This message has been a lot longer than I thought it would be, I guess I couldn't stop writing after I started and I hope I haven't upset anyone through me recounting my experience.

    Apologies for it being a bit long...

    Wishing you all the best

    Richie

  2. #2
    Forum Member Terry's Avatar
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    Well wrote Richie;

    What a journey and sorry to hear that it is the inherited type. When you are desperate you do desperate things. I know others that have it in the family and find it hard to digest.

    Love Terry
    TB once said that "The forum is still the best source for friendship and information."

    It will only remain so if new people post and keep us updated on things that work or don't work and tips.

    Please post on old threads that are of use so that others see them and feel free to start new subjects and threads.

  3. #3
    Kernowcluck
    Guest
    Thank you for your story and for your bravery with tissue donations on your father's passing . You never know there may have been some sort of breakthrough as a result of that decision so thank you. I wish you and your little family the very best for the future and let's hope that this horrible condition never pops up again in your family. God bless you

  4. #4
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    Richie:

    Thanks for your moving account. may I ask; what were their ages when the disease struck? Even in families the age of onset is so variable. It is an important research question; why is it some family members with the gene are asymptomatic right into their late 70s and early 80s and others in the family manifest the disease early. if they could identify some of the co-morbid and/or protective factors it would be a massive advance. basically I suggest it is less damaging and tragic to become symptomatic at 78 than 48 . There must be a reason for the variability of onset. I cannot believe it is purely random. There must be some biological and/or lifestyle reason that causes early as opposed to late triggering. If the disease cant be prevented then knowing what protects from early age onset would be a massive research advance.

    Any thoughts on the within-family variability of onset welcomed from the Forumites.

    Charles

  5. #5
    richiecc
    Guest
    Quote Originally Posted by Terry View Post
    Well wrote Richie;

    What a journey and sorry to hear that it is the inherited type. When you are desperate you do desperate things. I know others that have it in the family and find it hard to digest.

    Love Terry
    Thanks Terry. We're in all in a better place at the moment. One of the things that dad said with my mum's passing as that he's thankful in a way that he didn't have to leave her behind after he left, but was so heart broken because of it. Rough time and rough times to come with extended family. There is hope though

  6. #6
    richiecc
    Guest
    Thank you Kernowcluck,

    The donation thing was something that dad was always wanting to help with as he was always thinking of the younger generation in the hope that anything that he could contribute to finding treatments, understanding or a cure, he would do. He was always philosophical about how things were and a very strong character.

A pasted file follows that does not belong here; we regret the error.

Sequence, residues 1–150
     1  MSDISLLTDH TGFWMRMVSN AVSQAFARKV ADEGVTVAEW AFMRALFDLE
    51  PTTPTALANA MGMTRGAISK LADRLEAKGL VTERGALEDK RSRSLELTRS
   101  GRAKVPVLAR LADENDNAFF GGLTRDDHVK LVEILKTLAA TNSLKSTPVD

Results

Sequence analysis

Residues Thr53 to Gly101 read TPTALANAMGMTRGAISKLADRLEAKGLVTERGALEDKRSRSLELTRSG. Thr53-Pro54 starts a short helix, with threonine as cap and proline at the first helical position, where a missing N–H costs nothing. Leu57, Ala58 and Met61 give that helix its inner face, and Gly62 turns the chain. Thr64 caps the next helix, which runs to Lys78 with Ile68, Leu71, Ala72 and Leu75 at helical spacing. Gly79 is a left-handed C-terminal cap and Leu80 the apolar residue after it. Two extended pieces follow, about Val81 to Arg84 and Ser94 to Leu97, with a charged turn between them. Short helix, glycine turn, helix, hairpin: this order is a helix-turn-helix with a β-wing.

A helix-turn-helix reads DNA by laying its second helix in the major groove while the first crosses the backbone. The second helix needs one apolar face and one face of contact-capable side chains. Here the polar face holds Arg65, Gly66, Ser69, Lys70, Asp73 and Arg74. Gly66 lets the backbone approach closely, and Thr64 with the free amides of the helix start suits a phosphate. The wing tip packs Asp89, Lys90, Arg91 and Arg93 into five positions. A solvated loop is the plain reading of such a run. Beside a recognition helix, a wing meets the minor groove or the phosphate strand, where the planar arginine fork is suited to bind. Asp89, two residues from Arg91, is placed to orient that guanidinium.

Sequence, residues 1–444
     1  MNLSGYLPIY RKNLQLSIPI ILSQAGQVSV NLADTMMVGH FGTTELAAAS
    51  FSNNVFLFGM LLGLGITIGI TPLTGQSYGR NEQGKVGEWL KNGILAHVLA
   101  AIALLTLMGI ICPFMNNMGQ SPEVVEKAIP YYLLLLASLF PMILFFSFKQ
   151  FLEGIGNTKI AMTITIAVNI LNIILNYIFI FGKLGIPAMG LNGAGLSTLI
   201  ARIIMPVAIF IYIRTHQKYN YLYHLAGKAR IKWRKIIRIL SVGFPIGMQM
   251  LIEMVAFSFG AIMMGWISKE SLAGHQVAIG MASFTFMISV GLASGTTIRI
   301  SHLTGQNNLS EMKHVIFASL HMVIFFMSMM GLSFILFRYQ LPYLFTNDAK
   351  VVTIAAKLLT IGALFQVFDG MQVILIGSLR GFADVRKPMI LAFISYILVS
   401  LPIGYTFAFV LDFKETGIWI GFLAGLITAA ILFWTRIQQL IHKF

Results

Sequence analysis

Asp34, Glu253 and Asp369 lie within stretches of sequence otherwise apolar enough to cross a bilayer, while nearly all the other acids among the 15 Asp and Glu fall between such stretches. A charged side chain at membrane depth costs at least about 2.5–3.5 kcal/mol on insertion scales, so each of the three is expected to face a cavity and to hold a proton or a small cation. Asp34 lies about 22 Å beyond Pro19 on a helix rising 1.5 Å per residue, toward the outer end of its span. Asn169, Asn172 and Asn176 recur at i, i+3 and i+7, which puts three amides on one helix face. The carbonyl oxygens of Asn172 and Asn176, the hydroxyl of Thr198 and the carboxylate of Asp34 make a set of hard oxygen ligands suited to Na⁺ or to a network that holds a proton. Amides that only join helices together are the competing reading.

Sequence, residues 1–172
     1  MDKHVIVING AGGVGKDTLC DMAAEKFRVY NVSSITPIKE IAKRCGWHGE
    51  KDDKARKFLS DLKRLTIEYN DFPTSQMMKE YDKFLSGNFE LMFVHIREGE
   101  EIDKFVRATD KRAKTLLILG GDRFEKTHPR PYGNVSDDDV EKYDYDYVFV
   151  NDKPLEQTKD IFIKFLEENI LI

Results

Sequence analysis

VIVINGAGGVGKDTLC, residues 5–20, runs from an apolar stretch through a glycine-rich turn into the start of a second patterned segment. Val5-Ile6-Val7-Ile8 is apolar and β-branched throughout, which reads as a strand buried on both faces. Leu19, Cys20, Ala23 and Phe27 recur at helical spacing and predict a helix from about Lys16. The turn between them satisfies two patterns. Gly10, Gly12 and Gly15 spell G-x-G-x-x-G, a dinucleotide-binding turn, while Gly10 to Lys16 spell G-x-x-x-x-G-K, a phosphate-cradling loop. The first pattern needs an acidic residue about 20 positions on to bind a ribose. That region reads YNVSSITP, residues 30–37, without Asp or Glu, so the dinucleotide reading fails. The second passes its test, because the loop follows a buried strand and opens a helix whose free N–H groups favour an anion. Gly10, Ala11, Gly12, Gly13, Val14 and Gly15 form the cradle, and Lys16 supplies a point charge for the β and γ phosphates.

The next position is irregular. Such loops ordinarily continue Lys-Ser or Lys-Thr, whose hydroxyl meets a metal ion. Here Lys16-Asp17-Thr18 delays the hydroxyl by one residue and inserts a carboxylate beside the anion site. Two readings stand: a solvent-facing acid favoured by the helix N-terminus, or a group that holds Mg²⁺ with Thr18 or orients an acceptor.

His final days were very tough for closest family as he knew he wanted to go and used the DNR to his wishes. As he depended on a ventilator 24/7 for the last few years, he wanted for his ventilator to be taken away and for nature to go it's course. He went in a peaceful way surrounded by loved ones and we were all blessed enough to be able to say our goodbyes...

    I wish I had that chance with my mum too.. I miss them both greatly

  7. #7
    richiecc
    Guest
    Hi Charles,

    My granddad was around 55, eldest uncle around 56, auntie 59, dad started noticing symptoms around 52 but he was on the look out for it. It took around and a half for diagnosis though.

    My dad had a 'wild' theory that it was gas related (cooker gas) as my uncle, auntie and him all worked in a takeaway cooking (with gas) for most of their adult lives. We ended up changing to electrical induction when he suspected this in the family home. He might have just wanted for us to get a new induction hob though (or he could be right!)

    I don't know if it makes a difference but due to dad's diligence and awareness of the possibility of MND, he was able to start taking Riluzole very early on. After official diagnosis (2003) he wasn't in a wheel chair till the start of 2006, he started depending on a ventilator around 2011 and stayed with us till 2013. In comparison both my auntie, uncle and granddad all never took Riluzole and passed within 2 years of showing symptoms. Obviously the sample size is pretty small.

    I sometimes wish that I could have been even more selfish and asked that dad could hang on for longer, there was more things that he could have looked forward to and perhaps those things could have given him a little joy whilst hopefully waiting for more treatments or a cure. The loss of mum was just too much for him to cope with no matter the other bits of joy (Emily) who was stepping into his life. No matter how tough it was mum was the biggest reason that he had stayed around for as long as he did...

    I now have cousins who are reaching the age where our family seem to start showing symptoms, so we are pretty much on high alert. I think that there are 19 of us in our generation of which 9 have a parent who has had MND. They say statistically for familial, it is around 50% hopefully it's not the case but for my dad's generation it has been pretty much that figure.

    Fingers crossed for more progress and understanding

    Richie